A great place to start is to get a copy of Age of Mythology which features the kind of inter-faith interactions you want. It will help you put together ways to consolidate the different mythologies. It is also a great game.
With or without that. Consider the fact that these kinds of gods tend to be very different from the D&D/Pathfinder gods. The kind of magics they use, where they live, the kinds of boundaries that they have are more restrictive than what D&D gods enjoy. That means they are better choices as direct or indirect opponents. They can be bested, and much of mythology and post-mythological works are about exactly that. Often with the god having the last laugh.
I believe it will be important to feature these gods in addition to mythological creatures if you want to capture the flavor of the myths. It is also probably best to feature them sparingly. Bonus points for offering them up in ways that can be explained scientifically if the players chose to.
For example, communion with a god might involve getting totally hammered and sitting in a room clouded with incense fumes. Who knows what the character really saw. Dig into the source of mythological creatures and try to be true to them. Classic examples from other faiths are things like mammoth skulls inspiring cyclopes, manatees inspiring mermaids, and so on.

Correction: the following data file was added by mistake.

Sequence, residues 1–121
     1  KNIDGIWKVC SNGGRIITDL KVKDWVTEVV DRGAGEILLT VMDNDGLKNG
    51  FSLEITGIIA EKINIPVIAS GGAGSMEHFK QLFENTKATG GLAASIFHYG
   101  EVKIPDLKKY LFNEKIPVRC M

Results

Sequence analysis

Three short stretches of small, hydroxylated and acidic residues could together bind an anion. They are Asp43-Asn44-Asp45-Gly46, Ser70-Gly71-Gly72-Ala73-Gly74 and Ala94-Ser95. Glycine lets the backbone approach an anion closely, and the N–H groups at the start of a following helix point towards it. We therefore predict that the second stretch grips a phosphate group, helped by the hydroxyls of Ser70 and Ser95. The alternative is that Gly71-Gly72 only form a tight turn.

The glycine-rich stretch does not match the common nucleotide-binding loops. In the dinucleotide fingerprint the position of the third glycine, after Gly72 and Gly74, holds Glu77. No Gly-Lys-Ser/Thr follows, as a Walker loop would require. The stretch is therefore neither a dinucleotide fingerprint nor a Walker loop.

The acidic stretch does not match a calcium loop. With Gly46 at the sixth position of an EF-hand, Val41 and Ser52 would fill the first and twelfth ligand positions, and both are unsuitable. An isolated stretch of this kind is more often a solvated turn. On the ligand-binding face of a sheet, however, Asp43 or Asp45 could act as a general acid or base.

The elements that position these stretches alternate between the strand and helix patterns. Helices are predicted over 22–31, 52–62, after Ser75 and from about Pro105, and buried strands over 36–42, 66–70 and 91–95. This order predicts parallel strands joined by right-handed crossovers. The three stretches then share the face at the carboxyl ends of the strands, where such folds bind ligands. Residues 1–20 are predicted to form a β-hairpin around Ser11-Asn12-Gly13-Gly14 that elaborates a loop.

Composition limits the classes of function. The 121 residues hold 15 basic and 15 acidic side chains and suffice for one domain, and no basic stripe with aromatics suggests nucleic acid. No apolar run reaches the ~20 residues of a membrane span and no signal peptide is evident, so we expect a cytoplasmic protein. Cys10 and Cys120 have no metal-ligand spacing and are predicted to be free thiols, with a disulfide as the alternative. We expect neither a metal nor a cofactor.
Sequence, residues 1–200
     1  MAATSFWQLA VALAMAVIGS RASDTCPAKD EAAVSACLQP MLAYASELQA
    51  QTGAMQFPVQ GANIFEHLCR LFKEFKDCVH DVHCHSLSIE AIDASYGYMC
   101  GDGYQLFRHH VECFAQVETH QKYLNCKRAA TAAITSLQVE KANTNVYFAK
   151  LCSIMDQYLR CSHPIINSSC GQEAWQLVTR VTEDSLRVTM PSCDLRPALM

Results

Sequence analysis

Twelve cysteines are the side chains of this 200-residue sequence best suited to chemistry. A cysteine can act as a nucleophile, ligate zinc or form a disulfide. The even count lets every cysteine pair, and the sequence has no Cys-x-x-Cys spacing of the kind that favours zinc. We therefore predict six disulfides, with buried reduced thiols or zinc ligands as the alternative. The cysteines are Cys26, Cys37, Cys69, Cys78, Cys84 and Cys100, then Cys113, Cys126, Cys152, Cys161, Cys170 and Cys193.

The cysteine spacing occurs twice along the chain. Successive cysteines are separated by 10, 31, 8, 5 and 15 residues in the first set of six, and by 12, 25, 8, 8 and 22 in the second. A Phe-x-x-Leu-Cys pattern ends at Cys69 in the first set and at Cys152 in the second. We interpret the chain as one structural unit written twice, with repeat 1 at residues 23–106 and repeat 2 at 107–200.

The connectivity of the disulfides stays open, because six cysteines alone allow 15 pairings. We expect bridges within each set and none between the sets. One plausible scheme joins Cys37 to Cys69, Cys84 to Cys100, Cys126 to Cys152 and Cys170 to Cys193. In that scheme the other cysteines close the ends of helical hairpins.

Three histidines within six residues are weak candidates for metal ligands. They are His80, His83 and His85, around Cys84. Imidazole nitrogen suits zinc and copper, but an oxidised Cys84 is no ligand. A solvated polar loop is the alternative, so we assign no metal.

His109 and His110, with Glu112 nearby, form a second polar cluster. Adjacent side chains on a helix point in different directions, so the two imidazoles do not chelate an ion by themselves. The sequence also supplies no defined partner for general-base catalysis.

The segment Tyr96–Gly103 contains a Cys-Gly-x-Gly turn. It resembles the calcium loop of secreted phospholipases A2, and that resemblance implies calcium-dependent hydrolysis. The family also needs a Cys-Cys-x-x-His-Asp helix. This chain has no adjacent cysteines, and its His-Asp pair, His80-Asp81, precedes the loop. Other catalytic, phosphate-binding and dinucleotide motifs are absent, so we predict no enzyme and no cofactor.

Norse mythology is once again an active faith. Read up on Asatru and if there are groups located near you, consider meeting with them.
Once you've done your research, you can begin to wrap the game in a thin or thick layer of mythology. My advice is to focus on the core of what being a Viking attacking Ireland would be like. Keep the low levels very common in scope. No magic creatures, no communion with gods, straight historical seafaring combat and downtime. Ideally, your crew of PCs aren't even the leaders of the raids. They are taking orders, they are doing glorious battle with timid Irish folk, and they get a glimpse of normalcy before being tossed into the mythology.
That will firmly ground the PCs into the roles and sell the history. It will be very hard to sell the history if they players are casting spells and fighting dragons.
I'd strongly suggest you make the players start as martial classes. They can be fighters, rogues or ideally berserkers. Maybe you can give them the option to multiclass later on as the mythological aspects transition from being explainable in science to being true and unjustifiable magic.
I've done similar with other mythologies to good effect. But not with Norse mythology. It is a great idea, however.